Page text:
Home Healthcare Nigeria has met 70% COVID-19 vaccination target — NPHCDA Official

Nigeria has met 70% COVID-19 vaccination target — NPHCDA Official

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The Director of Disease Control and Immunisation in the National Primary Health Care Development Agency, Dr Bassey Okposen, has said Nigeria successfully met its ambitious target of fully vaccinating 70 percent of its population against the COVID-19 pandemic.

He spoke during an interview with journalists on Wednesday in Abuja.

Nigeria had a target of fully vaccinating 70 per cent of its eligible population by December 2022.

”The 70 per cent coverage of COVID-19 vaccines in all countries is a global imperative. In Nigeria, 70 per cent of eligible persons are fully vaccinated against COVID-19,” he said.

He said that 80 per cent of eligible persons in the country were at least partially vaccinated against COVID-19 and 17.5 million fully vaccinated persons in Nigeria have received additional COVID-19 vaccines as booster doses

He said that as of October 1, 132,212,099 vaccine doses had been administered in the country, noting that six states achieved 100 per cent of the target population vaccinated in the country.

“These states are Nasarawa, Jigawa, Osun, Kaduna, Kano, and Adamawa,” he said.

According to him, the milestone marks a crucial step in the country’s efforts to combat the ongoing pandemic and safeguard the health and well-being of its citizens.

“With an unwavering commitment to public health, Nigeria’s vaccination campaign has surpassed expectations, demonstrating the nation’s determination to control the spread of the virus and protect its population from the devastating impacts of COVID-19,” he said.

He said that vaccinating 70 per cent of a country’s population against COVID-19 means that a significant portion of the population has received the required doses of the COVID-19 vaccine.

“This level of vaccination coverage is often considered a crucial milestone in achieving herd immunity and controlling the spread of the virus within a population.

“Herd immunity, also known as population immunity, occurs when a large proportion of a community becomes immune to a disease, either through vaccination or previous infection.

“When a high percentage of the population is immune, it creates a barrier that prevents the virus from easily spreading from person to person.

“This not only protects those who are vaccinated but also provides indirect protection to those who are unable to receive the vaccine due to medical conditions or other factors,” he explained.

He said that by vaccinating 70 per cent of the population against COVID-19, a country greatly reduces the risk of widespread transmission, severe illness, and death caused by the virus.

“It also helps to alleviate the burden on healthcare systems and allows for a gradual return to normalcy, including the reopening of businesses, schools, and other public spaces.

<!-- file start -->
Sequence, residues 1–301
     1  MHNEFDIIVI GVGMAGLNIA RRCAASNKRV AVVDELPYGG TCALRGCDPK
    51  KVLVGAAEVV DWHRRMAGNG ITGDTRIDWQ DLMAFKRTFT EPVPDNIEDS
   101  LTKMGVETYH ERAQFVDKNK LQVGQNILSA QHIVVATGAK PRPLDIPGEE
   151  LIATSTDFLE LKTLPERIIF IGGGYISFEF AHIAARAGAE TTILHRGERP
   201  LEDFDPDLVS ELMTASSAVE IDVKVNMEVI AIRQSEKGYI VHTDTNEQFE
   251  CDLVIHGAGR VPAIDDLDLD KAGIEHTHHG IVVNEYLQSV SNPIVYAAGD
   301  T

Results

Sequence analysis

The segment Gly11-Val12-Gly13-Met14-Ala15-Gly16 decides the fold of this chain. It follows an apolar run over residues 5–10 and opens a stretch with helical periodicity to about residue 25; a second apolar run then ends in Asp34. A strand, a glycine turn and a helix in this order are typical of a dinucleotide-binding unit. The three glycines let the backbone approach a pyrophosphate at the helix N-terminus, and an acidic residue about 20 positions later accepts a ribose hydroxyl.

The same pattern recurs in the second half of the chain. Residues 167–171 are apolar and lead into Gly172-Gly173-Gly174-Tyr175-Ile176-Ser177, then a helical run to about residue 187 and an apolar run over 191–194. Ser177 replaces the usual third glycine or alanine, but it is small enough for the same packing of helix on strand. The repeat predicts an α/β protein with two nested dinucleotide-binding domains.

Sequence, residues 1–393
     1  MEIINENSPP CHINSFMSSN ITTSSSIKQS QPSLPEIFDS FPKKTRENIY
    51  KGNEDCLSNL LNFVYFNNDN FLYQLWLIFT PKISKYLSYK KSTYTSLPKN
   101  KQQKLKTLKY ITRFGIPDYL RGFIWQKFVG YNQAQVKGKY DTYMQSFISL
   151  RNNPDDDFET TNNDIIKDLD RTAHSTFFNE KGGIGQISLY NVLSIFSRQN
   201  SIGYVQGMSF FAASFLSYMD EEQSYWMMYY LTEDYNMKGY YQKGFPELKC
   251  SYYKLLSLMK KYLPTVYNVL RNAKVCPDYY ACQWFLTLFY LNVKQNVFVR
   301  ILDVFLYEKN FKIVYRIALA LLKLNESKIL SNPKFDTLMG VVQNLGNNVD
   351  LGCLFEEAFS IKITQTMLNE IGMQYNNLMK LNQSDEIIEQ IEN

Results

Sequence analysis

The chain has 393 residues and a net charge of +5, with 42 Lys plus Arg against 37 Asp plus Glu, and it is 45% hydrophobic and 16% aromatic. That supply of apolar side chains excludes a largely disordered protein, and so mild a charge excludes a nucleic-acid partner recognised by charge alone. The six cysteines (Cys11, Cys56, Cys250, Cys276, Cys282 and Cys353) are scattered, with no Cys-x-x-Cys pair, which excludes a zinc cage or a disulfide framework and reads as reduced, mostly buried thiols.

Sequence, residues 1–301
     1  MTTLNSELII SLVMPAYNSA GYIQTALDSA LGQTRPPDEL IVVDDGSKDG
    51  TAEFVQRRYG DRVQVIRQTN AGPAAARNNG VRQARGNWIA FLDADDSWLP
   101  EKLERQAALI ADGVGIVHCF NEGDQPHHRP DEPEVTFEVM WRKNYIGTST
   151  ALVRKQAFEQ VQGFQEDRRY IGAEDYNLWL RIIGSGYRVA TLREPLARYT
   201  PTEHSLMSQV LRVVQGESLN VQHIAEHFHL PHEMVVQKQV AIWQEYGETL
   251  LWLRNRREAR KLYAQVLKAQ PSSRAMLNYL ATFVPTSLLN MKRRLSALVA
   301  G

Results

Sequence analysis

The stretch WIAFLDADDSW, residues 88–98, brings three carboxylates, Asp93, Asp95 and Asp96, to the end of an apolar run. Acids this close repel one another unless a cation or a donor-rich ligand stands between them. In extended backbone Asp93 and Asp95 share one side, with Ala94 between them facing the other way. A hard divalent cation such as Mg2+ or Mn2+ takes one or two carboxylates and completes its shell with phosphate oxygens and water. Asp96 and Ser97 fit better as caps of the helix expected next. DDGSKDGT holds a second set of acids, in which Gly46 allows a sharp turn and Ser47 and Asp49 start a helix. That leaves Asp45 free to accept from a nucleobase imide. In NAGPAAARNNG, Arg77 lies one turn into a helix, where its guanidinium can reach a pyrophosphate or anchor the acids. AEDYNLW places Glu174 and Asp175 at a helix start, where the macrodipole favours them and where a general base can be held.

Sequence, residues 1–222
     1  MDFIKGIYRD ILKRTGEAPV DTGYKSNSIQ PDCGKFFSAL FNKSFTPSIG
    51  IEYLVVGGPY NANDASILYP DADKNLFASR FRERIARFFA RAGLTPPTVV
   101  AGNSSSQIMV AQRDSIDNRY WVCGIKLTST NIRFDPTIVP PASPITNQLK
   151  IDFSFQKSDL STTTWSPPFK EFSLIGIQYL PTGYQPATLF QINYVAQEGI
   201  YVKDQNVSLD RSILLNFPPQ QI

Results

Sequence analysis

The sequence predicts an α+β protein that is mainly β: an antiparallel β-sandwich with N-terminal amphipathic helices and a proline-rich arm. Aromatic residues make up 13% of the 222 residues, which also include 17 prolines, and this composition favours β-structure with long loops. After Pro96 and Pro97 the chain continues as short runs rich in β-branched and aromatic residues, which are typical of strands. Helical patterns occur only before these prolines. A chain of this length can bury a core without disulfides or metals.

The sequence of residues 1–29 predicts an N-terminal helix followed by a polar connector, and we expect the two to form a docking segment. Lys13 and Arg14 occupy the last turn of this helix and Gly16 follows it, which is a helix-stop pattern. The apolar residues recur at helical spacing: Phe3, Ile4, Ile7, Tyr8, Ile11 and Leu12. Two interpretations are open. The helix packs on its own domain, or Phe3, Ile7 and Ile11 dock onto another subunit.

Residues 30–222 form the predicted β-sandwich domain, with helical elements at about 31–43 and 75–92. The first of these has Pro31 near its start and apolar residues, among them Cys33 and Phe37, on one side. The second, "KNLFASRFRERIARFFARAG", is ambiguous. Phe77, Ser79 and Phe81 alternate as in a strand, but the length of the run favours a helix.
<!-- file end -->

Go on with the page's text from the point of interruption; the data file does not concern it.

“However, it is important to note that achieving a 70 per cent vaccination rate does not mean the end of the pandemic.

“The virus can still circulate among unvaccinated individuals, and new variants may emerge, requiring ongoing monitoring and potential updates to vaccination strategies,” he said.

He, however, urged Nigerians to continue adherence to public health measures, such as wearing masks for those with COVID mobilities, practising good hygiene, and maintaining social distancing, which remains crucial even with high vaccination rates in the country.

Speaking on strategies being used by the country, he explained that several strategies, including SCALES 3.0 (SCALES is an acronym for service delivery, communication, accountability, logistics, electronic management of immunisation data, and supportive supervision), and the integration of COVID-19 into routine immunisation employed to deliver the vaccine to target populations.

According to the Nigeria Centre for Disease Control and Prevention (NCDC) official website, as of October 31, 2023, over 5,708,974 samples have been tested, 266,675 cases confirmed, and 259,953 cases discharged from the virus.

Meanwhile, there are currently 3,567 active cases and 3,155 deaths.

Since the COVID-19 vaccination began in the U.S. in mid-December 2020, Africa has been looking forward to its turn. For Nigeria, the time came on March 2, 2021, when the first batch of 3.9 million doses of AstraZeneca’s COVID-19 vaccine arrived in the country from the Serum Institute of India.

Also, since the vaccination campaign began in the country, seven vaccines have been approved for use in Nigeria, and three of them are approved for clinical trials.

The vaccines are Moderna: Spikevax, Pfizer/BioNTech: Comirnaty, Gamaleya: Sputnik V, Janssen (Johnson & Johnson): Jcovden, Oxford/AstraZeneca: Vaxzevria, Serum Institute of India: Covishield (Oxford/AstraZeneca formulation), and Sinopharm (Beijing): Covilo.

Vaccine Type: RNA; this vaccine may also be referred to as Tozinameran, BNT162b2, Janssen (Johnson & Johnson): Jcovden, and Oxford/AstraZeneca: Vaxzevria; this vaccine may also be referred to as AZD1222, ChAdOx1 nCoV-19.

(NAN)

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